Thursday, June 25, 2009

New Online Food Studies Program

The UOC International Graduate Institute is now offering an online master's program in Food, Society, and International Governance. The program is designed for individuals interested in enhancing their understanding and analysis of agriculture and food policy, and increasing their understanding of the social, cultural and economic factors that influence and shape the development and enforcement of agriculture governance. This combination presents an opportunity to explore connections between the historical, political, scientific, strategic and ethical considerations involved in the organisation of food policy and agriculture internationally.

This program is designed to prepare people to meet the demand for knowledgeable and well-trained food systems leaders and analysts by fostering practical and critical learning with an international perspective.

Starting in October, UOC will be offering innovative online courses:

* Masters in Food, Society and International Governance (2 years, part time, €4,200)

* Postgraduate Diploma in Food Systems and Governance (1 year, part time, €2,300)

* Short course in Food systems Analysis (4 months, part time, €1,200)

Is this programme for you?

The Food Systems, Culture and Society programme attracts students and people who work across the agri-food sector. Many of our students already have work experience and are looking to broaden their knowledge and skills so as to advance their careers.

The courses are specifically geared towards:

§ Individuals working in the agri-food sector

§ Public administrators

§ Policy analysts

§ Consultants

§ Lawyers

§ Journalists specializing in food politics

§ Professional organizations, NGOs or international cooperation projects that address issues linked to food and agriculture

§ Students wishing further education on issues of agri-food governance

This programme will prepare people to meet the demand for knowledgeable and well-trained food systems analysts and leaders, by fostering practical and critical learning with an international perspective.

Note that to apply for the programme, you do not have a university degree. Please submit a CV and letter of interest to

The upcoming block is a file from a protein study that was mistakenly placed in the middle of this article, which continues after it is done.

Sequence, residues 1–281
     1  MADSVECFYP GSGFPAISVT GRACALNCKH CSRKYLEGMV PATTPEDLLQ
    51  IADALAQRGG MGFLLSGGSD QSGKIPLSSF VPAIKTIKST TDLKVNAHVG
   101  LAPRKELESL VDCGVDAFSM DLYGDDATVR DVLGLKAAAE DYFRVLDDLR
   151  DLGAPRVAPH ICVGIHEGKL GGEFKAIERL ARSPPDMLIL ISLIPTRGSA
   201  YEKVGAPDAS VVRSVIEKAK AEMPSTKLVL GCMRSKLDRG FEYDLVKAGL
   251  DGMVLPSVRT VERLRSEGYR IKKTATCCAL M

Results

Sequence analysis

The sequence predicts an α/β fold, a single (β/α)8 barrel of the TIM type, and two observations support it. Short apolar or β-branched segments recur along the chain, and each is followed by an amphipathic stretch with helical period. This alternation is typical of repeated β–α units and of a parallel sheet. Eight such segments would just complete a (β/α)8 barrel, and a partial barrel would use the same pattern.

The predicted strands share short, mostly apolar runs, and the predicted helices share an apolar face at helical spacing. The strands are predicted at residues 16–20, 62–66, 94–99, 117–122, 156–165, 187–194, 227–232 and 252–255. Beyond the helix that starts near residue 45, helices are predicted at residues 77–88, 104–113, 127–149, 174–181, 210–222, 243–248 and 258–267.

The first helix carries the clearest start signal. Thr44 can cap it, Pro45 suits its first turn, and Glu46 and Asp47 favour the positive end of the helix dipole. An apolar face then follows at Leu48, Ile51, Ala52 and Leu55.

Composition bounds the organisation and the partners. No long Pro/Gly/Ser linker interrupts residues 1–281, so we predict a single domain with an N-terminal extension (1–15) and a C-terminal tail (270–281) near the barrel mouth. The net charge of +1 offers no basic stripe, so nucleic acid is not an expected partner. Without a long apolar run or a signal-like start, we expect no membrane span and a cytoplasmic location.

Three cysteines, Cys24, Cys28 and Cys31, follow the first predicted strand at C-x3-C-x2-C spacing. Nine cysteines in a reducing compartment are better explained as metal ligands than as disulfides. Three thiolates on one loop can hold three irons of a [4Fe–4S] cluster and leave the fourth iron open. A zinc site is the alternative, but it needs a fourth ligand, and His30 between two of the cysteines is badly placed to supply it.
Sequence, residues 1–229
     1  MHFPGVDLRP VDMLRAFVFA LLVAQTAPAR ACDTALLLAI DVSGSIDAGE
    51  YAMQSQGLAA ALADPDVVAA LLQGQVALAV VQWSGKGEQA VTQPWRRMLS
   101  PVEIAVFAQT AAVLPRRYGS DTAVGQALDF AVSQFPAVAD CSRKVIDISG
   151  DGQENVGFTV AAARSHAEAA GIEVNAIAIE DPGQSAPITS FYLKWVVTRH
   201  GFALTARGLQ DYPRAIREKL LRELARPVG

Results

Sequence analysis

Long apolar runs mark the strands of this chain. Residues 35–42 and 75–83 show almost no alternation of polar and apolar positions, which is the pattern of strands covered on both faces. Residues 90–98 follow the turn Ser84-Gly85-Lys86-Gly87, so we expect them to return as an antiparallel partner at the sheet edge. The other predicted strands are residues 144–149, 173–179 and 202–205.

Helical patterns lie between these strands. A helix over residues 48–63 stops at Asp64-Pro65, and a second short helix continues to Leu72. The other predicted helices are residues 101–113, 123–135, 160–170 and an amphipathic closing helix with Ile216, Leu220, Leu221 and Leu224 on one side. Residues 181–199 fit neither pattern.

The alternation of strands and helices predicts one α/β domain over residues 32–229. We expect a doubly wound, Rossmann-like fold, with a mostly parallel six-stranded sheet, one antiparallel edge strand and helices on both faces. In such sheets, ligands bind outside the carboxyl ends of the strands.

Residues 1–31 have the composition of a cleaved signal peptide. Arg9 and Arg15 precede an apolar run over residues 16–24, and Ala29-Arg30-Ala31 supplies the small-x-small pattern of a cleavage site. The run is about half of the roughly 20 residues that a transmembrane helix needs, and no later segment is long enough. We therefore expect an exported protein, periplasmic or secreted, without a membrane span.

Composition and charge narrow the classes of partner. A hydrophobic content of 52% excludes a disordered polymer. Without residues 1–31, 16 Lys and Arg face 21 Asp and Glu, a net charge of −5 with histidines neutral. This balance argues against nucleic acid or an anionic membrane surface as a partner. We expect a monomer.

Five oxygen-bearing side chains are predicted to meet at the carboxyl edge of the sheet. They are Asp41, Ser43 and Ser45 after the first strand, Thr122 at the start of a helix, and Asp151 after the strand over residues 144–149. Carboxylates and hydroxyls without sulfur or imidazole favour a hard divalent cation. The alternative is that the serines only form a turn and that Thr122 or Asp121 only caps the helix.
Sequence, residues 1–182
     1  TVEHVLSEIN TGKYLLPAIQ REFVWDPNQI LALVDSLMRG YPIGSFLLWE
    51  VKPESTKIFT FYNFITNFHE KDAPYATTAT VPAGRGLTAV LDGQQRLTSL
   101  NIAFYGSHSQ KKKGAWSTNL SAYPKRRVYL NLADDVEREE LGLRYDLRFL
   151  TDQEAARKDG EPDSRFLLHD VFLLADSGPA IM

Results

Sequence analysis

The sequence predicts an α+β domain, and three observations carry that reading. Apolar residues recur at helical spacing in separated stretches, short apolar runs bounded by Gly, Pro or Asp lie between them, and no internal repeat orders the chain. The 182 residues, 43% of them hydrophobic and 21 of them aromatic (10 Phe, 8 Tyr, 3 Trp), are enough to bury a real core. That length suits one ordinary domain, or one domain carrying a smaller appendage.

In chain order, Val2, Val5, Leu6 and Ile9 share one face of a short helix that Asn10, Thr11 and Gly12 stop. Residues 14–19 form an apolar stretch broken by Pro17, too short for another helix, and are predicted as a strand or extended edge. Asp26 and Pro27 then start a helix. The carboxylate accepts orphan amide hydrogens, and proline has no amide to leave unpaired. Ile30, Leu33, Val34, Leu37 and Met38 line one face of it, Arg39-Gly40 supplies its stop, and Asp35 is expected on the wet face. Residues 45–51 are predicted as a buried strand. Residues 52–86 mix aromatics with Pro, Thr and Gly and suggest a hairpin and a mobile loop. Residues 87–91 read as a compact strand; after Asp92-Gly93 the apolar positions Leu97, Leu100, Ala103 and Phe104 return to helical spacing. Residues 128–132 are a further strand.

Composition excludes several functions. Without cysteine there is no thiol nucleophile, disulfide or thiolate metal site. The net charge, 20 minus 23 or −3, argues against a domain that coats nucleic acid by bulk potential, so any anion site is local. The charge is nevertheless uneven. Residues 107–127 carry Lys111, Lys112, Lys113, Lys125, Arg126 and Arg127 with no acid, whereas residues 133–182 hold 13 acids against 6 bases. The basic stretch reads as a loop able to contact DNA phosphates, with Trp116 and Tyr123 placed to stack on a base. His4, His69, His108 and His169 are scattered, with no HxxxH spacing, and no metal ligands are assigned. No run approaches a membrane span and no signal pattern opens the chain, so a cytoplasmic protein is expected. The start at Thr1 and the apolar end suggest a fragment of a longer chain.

About the UOC

The UOC is a leader in e-learning and we are progressive in our determination to champion open education that integrates new ideas and new technologies. The UOC is a 100% internet-based, fully accredited university operating from Barcelona. We champion multilingualism and hold the UNESCO chair in e-learning.

To find the program on Facebook, search "food systems, culture and society"

Check out the blog

Find out more online

Monday, June 22, 2009

New Reports: From the Foreign Agricultural Service Global Agricultural Information Network (GAIN)

2009 Leading Agricultural Sectors for US Export and Investment_Taipei ATO_Taiwan_4-10-2009.pdf
Agricultural marketing specialists compile basic agricultural market information for U.S. exporters about a range of industry and service sectors in Taiwan. The leading agricultural report, updated annually, cover beef, pork, poultry, fresh fruit, dried and frozen fruit, ready-to-use ingredients, cheese, engineered wood, chocolate and other candy, pet food and wine and spirits, fish and seafood products, and ginseng sectors which represent the best prospects for U.S. exporters.
Bangkok Newsletter - June 2009_Bangkok_Thailand_4-16-2009.pdf In this issue you will find information on market access for U.S. potatoes and pork, APEC events, market opportunities for U.S. exports to Thailand; and upcoming events.
Biotech Field Destructions Continue_Berlin_Germany_6-3-2009.pdf Anti-biotech groups have continued their destruction in 2009. By the end of May 2009, the German Plant Breeders Association (BDP) already reported six cases of research plot destructions and occupations in Germany this year.  Since there is no commercial cultivation of biotech crops allowed in Germany, activists are concentrating their destructive work on research fields and research installations.